A Guide to LATEX: Document Preparation for Beginners and Advanced Usersby Helmut Kopka, Patrick W. Daly
Document Preparation For Beginners And Advanced Users. If you are a user with little or no experience of computers or text formatting and you wont to muster LATEX to produce documents of high quality, then this book is essential reading. Fully revised to cover the most up-to-date versions of LATEX this accessible and practical tutorial contains all of the information you will need to get up and running with LATEX, and is an essential reference tool to users at all levels. This book will enable you to: Master the basics of LATEX and explore more advanced topics including user-defined extensions Get up to speed with the latest LATEX extensions for adaptations to other languages Explore numerous practical examples and pick up handy tips for avoiding common problems Benefit from detailed appendices including the Command Summary and Summary Tables New to this Edition Completely updated to cover the latest releases and upgrades of LATEX Covers new features including graphics importation and PostScript font installation Section on LATEX and the World Wide Web Section on LATEX on Windows & Windows NT Section on installations for 32 bit PC
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Read an Excerpt
A new edition to A Guide to LaTeX begs the fundamental question: Has LaTeX changed so much since the appearance of the third edition in 1999 that a new release of this book is justified?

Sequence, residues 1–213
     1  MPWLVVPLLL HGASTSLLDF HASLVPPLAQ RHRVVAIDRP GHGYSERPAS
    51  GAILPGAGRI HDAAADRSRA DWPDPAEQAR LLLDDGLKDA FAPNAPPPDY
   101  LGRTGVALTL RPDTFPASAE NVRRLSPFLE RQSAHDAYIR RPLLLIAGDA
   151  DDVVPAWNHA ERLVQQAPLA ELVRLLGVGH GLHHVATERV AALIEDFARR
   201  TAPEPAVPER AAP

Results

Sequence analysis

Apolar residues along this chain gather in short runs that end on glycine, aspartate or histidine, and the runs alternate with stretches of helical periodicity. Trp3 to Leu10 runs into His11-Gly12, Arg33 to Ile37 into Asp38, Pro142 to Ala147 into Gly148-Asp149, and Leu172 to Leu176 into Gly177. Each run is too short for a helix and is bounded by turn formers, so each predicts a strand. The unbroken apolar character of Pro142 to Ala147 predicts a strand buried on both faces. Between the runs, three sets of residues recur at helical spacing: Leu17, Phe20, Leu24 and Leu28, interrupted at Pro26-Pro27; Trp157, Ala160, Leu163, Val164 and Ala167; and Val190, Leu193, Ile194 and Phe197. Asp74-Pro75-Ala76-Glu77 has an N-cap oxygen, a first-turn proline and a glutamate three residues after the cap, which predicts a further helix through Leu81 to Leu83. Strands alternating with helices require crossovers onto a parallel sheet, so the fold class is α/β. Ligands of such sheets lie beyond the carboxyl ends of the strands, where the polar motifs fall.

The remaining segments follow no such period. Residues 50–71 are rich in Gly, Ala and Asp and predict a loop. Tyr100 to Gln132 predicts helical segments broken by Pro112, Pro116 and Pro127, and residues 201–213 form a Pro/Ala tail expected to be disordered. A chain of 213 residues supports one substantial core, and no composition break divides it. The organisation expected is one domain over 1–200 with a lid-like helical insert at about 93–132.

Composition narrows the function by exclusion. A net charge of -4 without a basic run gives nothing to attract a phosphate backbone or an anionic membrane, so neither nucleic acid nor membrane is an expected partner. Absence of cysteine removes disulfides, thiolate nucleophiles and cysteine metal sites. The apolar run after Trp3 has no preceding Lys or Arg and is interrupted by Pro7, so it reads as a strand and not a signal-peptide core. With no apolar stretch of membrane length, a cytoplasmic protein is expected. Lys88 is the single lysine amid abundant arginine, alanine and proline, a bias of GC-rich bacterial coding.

The simple answer to that question is 'Well,. . . .' In 1994, the LaTeX world was in upheaval with the issue of the new version LaTeX2ε, and the second edition of the Guide came out just then to act as the bridge between the old and new versions. By 1998, the initial teething problems had been worked out and corrected through semiannual releases, and the third edition could describe an established, working system. However, homage was still paid to the older 2.09 version since many users still employed its familiar syntax, although they were most likely to be using it in a LaTeX2ε environment. LaTeX has now reached a degree of stability that since 2000 the regular updates have been reduced to annual events, which often appear months after the nominal date, something that does not worry anyone. The old version 2.09 is obsolete and should no longer play any role in such a book. In this fourth edition, it is reduced to an appendix just to document its syntax and usage.
But if LaTeX itself has not changed substantially since 1999, many of its peripherals have. The rise of programs such as pdfTeX and dvipdfm for PDF output adds new possibilities, which are realized, not in LaTeX directly, but by means of more modern packages to extend the basic features. The distribution of TeX/LaTeX installations has changed, such that most users are given a complete, ready-to-run setup, with all the 'extras' that previously had to be obtained separately. Those extras include user-contributed packages, many of which are now considered indispensable. Today 'the LaTeX system' includes much more than the basic kernel by Leslie Lamport, encompassing the contributions of hundreds of other people. This edition reflects this increase in breadth.
The changes to the fourth edition are mainly those of emphasis.